WHEN Round 6 of the Middle East peace talks began Aug. 24, diplomats here were predicting steady progress in talks between Israelis and Palestinians over the West Bank and Gaza Strip. They wondered openly how a separate peace might affect another key party to the peace process: Syria.
As the round ended yesterday, diplomats were contemplating a remarkable turnabout. Suddenly, Israel and Syria are pressing toward a potentially historic breakthrough, while talks over the occupied territories have reached an apparent impasse.
At press time, Israeli and Syrian negotiators were seeking agreement on a joint statement of principles to guide future talks, expected sometime after the United States elections in November. Even if they come up short, analysts say, the talks may mark a significant turning point for the old adversaries, who have quarreled for 25 years over the strategic Golan Heights.
The progress has sharpened a conviction that, for the first time in the 45-year history of the Arab-Israeli conflict, the preconditions for peacemaking are in place. The year-old peace process has acquired a life of its own, many diplomatic observers say, suggesting the possibility of a near-term breakthrough.
"We are speaking about months, not years and not generations," Israel's Deputy Foreign Minister Yossi Beilin told a group of Middle East specialists Wednesday at the Carnegie Endowment for International Peace.
Bilateral peace talks between Israel and its Arab neighbors, also including Jordan, Lebanon, and the Palestinians, began last October in Madrid. Multilateral talks on regional issues, including arms transfers and water resources, are moving on a separate track on an intermittent basis in several cities around the world.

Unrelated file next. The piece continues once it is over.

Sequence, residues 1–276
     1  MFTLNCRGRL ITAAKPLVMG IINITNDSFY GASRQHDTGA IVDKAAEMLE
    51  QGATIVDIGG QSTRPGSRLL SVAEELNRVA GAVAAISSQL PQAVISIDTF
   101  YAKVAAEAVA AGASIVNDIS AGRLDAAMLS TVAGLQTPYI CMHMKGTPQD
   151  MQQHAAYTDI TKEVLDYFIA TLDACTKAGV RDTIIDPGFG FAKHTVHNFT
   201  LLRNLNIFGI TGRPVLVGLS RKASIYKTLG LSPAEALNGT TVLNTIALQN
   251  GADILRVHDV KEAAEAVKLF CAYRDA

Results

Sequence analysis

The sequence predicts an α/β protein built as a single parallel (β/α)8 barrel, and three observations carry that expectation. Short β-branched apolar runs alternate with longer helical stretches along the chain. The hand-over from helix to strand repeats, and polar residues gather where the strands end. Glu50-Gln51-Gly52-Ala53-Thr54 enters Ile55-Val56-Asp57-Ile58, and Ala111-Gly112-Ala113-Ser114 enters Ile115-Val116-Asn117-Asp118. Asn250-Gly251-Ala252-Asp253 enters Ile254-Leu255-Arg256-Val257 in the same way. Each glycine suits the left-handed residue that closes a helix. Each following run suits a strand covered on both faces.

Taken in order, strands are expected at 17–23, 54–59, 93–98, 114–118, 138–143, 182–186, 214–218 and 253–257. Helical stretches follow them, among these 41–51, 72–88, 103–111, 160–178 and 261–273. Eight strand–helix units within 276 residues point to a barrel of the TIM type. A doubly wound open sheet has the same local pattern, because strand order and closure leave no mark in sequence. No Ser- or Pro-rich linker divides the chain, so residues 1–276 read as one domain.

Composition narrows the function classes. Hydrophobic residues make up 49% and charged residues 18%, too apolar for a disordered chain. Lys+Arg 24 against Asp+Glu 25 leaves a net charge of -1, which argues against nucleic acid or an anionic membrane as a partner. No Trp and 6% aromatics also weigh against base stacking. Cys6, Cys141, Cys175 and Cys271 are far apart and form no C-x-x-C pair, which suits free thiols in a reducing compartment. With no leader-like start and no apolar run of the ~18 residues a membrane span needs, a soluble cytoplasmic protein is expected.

Israeli-Palestinian negotiations were expected to proceed on the fastest track. The two sides agree in principle on the desirability of elections to create an Arab body that would institute at least partial self-rule for Palestinians during a five-year interim period. But as talks adjourned yesterday, the parties remained far apart over whether the body should be a large legislature or a small administrative council; whether it should be independent or accountable to Israeli law; and whether the territor ies should eventually be independent or merely autonomous.
Israel's talks with Syria, which seemed headed for deadlock two weeks ago, got a new lease on life by an unprecedented exchange of gestures. Syrian president Hafez al-Assad announced last week that he was ready for a "real peace" with Israel. Israeli Prime Minister Yitzhak Rabin offered to trade some land to get such a peace, so long as Israel retains a military presence and some Jewish settlements on the Golan.
The two sides will seek to capitalize on this opening by increasing efforts to reconcile Syria's demand for a full Israeli withdrawal from the Golan with Israel's insistence on a formal peace, including diplomatic recognition, trade relations, and open borders. Separate from the issue of Israel's withdrawal from the Golan - which it captured in the 1967 war and annexed in 1981 - is the question of sovereignty, which both sides claim.